Holy, holy, holy is the Lord of Hosts, the giver of life, and the redeemer of men and women, in whom we trust

and have our being. Amen.

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26. Prayers of a Life in Tension by Stephen W. Hiemstra

Prayers_of_a_Life_in_Tension_webGod of all mercy and grace,
We praise you for creating the heaven and the earth, all that is, that was, and that will ever be; all things seen and unseen. We look upon your creation, smile, and praise your name. We praise you for the example of your son, our savior, Jesus Christ— who in life lived in service to others, who in death atoned for our sin, and who in rising from the death granted us the hope of eternal life. We see your son’s example and feel your love for us. We praise you for your Holy Spirit, who draws us to you, grants every good gift, and provides all things. We look upon your spirit’s power in the world and break out in praise. May your kingdom come, your will be done, on earth as it is in heaven today and every day, with us and through us. In Jesus’ name, Amen.

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21. Prayers of a Life in Tension by Stephen W. Hiemstra

Prayers_of_a_Life_in_Tension_webAlmighty Father,

You are the alpha and the omega, the beginning and end, the one outside of time that created all things. We praise you for providing the bread of life and well-spring of everlasting life which is your son, Jesus Christ—our redeemer, the author of our faith, and our only true friend. We thank you for simple things, like family, bread to eat, clean water to drink, work to do, and friends in Christ. Through the power of your Holy Spirit who makes all things clear, help us to share our physical and spiritual gifts with those around us—first our family, then our friends, and even those we do not know well so that your name would be praised among the nations. Forgive us when we play the fool out of pride, not for you, but out of our own ignorance. Humble us that we might become worthy servants of your church and not ourselves. Help us to find our identity in you—not in our accomplishments, nor our friends, nor our wealth, but in you—
so that if we play the fool, it is for you and you alone. In Jesus’ precious name, Amen.

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Prayer Day 28: A Christian Guide to Spirituality by Stephen W. Hiemstra

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Almighty Father. We praise you for creating heaven and earth; creating all that is, was, or will ever be; and creating all things seen and unseen. We look out on your creation and praise your name. Keep us safe in your hands: seal our hearts; strengthen our minds; and shelter our bodies from all evil. In our hour of weakness, may we ever turn only to you. In the name of the Father, the Son, and the Holy Spirit, Amen.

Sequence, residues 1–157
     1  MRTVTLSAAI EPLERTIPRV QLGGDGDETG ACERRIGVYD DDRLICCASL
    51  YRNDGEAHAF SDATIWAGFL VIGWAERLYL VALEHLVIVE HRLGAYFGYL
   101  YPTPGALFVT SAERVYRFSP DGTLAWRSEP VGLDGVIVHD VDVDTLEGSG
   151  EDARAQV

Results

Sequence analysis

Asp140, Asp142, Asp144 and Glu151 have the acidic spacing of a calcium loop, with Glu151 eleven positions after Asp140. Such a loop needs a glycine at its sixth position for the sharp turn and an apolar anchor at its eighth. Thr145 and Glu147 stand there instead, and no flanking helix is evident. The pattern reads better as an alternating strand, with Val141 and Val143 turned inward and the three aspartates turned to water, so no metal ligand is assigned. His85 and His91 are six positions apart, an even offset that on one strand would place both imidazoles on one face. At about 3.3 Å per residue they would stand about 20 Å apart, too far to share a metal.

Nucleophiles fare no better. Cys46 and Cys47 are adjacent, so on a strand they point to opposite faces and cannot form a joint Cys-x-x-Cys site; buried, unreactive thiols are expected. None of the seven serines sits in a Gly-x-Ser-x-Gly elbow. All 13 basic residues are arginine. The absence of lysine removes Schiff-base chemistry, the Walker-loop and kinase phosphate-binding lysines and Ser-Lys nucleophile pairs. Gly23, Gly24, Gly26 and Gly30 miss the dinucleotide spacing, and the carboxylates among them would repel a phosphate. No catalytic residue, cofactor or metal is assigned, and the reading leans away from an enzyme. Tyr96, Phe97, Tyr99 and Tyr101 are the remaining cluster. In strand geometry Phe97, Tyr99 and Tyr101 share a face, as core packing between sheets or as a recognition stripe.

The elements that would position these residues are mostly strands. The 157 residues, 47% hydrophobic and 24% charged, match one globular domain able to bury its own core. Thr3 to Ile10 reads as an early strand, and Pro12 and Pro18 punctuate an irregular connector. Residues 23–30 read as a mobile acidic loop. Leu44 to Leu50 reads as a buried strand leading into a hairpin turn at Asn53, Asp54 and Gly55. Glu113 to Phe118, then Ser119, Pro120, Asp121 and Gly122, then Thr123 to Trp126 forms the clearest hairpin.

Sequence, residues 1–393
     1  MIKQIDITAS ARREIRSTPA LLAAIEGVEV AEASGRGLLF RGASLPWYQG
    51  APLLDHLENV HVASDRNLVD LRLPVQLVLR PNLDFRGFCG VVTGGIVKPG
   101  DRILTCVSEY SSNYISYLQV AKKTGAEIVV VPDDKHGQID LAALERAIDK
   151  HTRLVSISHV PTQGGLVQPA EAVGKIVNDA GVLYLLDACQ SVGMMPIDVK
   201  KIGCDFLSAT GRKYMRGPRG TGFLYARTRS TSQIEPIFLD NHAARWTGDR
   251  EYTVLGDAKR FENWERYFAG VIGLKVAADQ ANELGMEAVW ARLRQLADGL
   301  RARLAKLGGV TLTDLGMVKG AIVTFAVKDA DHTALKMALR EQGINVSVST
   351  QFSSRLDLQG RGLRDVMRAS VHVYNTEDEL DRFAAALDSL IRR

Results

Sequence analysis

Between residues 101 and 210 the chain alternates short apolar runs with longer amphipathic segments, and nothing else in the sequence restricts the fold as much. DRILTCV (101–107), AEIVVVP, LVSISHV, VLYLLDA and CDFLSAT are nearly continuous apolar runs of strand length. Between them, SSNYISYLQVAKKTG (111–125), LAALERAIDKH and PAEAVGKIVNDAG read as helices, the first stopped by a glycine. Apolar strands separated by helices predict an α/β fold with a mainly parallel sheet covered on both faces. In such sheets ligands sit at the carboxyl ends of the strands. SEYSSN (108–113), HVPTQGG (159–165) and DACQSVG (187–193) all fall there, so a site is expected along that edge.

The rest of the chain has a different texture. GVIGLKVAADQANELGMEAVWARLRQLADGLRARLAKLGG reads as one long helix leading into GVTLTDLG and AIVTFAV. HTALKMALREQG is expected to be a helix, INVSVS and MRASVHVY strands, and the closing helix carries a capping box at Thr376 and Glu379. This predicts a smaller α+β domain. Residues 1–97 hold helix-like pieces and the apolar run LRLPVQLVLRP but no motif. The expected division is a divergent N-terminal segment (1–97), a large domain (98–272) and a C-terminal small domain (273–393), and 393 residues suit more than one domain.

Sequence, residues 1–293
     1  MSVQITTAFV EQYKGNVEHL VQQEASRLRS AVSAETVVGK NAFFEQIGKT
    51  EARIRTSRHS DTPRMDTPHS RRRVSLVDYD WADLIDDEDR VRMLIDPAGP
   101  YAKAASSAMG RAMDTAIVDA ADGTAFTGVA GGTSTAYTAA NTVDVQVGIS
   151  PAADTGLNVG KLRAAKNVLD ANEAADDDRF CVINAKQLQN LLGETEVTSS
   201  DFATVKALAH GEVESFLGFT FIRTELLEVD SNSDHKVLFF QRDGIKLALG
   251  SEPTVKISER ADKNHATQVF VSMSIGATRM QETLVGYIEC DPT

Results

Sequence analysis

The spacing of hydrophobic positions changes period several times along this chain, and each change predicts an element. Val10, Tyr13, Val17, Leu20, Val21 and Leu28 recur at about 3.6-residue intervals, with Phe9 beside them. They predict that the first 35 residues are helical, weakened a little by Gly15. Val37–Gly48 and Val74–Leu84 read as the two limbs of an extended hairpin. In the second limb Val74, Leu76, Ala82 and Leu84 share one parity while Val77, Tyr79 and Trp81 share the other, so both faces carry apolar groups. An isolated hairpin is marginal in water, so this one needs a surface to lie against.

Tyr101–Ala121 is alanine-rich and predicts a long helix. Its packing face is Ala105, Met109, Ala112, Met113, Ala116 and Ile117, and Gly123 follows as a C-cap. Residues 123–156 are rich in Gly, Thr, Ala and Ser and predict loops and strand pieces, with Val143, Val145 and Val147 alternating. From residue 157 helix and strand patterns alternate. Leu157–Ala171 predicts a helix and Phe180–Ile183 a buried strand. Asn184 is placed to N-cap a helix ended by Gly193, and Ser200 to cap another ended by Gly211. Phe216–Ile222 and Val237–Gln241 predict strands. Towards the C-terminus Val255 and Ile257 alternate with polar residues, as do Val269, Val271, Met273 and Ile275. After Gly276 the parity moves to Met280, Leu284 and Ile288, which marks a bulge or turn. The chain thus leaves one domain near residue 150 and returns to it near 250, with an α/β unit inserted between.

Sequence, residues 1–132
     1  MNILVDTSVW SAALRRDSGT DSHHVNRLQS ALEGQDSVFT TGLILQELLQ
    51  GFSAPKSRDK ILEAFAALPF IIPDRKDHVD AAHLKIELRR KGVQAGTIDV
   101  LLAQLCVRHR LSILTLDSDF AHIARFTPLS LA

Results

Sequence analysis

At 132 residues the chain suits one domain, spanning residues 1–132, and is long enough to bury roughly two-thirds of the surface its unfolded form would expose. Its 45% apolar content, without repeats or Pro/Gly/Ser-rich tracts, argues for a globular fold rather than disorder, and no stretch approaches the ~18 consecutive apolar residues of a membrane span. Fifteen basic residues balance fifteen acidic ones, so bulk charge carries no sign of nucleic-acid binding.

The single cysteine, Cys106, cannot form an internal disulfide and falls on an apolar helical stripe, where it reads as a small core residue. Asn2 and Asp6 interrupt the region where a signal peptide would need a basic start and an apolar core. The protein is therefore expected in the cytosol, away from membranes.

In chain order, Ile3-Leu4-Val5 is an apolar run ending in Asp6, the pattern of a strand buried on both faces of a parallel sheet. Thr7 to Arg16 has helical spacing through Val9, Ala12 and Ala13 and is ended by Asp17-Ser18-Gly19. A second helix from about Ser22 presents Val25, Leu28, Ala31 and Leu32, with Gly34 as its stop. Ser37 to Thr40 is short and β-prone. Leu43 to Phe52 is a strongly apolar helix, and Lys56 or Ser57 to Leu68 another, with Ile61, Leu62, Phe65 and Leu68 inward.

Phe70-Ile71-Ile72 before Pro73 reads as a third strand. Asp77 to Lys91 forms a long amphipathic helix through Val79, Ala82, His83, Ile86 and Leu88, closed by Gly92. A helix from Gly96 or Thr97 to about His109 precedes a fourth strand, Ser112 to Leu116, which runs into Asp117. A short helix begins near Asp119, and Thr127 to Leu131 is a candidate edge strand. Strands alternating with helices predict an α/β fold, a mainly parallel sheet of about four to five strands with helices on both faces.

Padre Todopoderoso. Te alabamos por crear el cielo y la tierra; por crear todo lo que es, lo que fue, o lo que nunca será; y por crear todas las cosas visibles e invisibles. Observamos tu creación y alabamos tu nombre. Mantenos a salvo en tus manos: sella nuestros corazones; fortalece nuestras mentes; y refugia nuestros cuerpos de toda malvadad. En nuestra hora de debilidad, haznos retornar siempre y sólo a tí. En el nombre del Padre, del Hijo, y del Espíritu Santo, Amén.

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Prayer Day 24: A Christian Guide to Spirituality by Stephen W. Hiemstra

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Heavenly Father. We praise you for hope in the future and for the gift of patience. We praise you for the vision of Eden and for the promise of new creation where the fullness of salvation will be revealed and all things made new. For in Christ we know the end of the story. You are our rock and our salvation. To you and you alone be the glory. In the name of the Father, the Son, and the Holy Spirit, Amen.

Padre Celestial. Te alabamos por la esperanza del futuro y por el don de la paciencia. Te alabamos por la visión del Edén y por la promesa de una nueva creación donde se dará a conocer la plenitud de salvación y todas las cosas hechas nuevas. Porque en Cristo sabemos el fin de la historia. Tú eres nuestra roca y nuestra salvación. Para Tí y sólo a Tí sea la gloria. En el nombre del Padre, el Hijo, y el Espíritu Santo, Amén.

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Prayer Day 27: A Christian Guide to Spirituality by Stephen W. Hiemstra

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Almighty God. We praise you for creating the heavens and the earth, creating all that is, was, or will ever be, and creating things seen and unseen. We look on the order and beauty of your creation and just sing your praises. Grant us strength for each new day to reflect your goodness to those around us in joyful praise. In the name of the Father, the Son, and the Holy Spirit, Amen.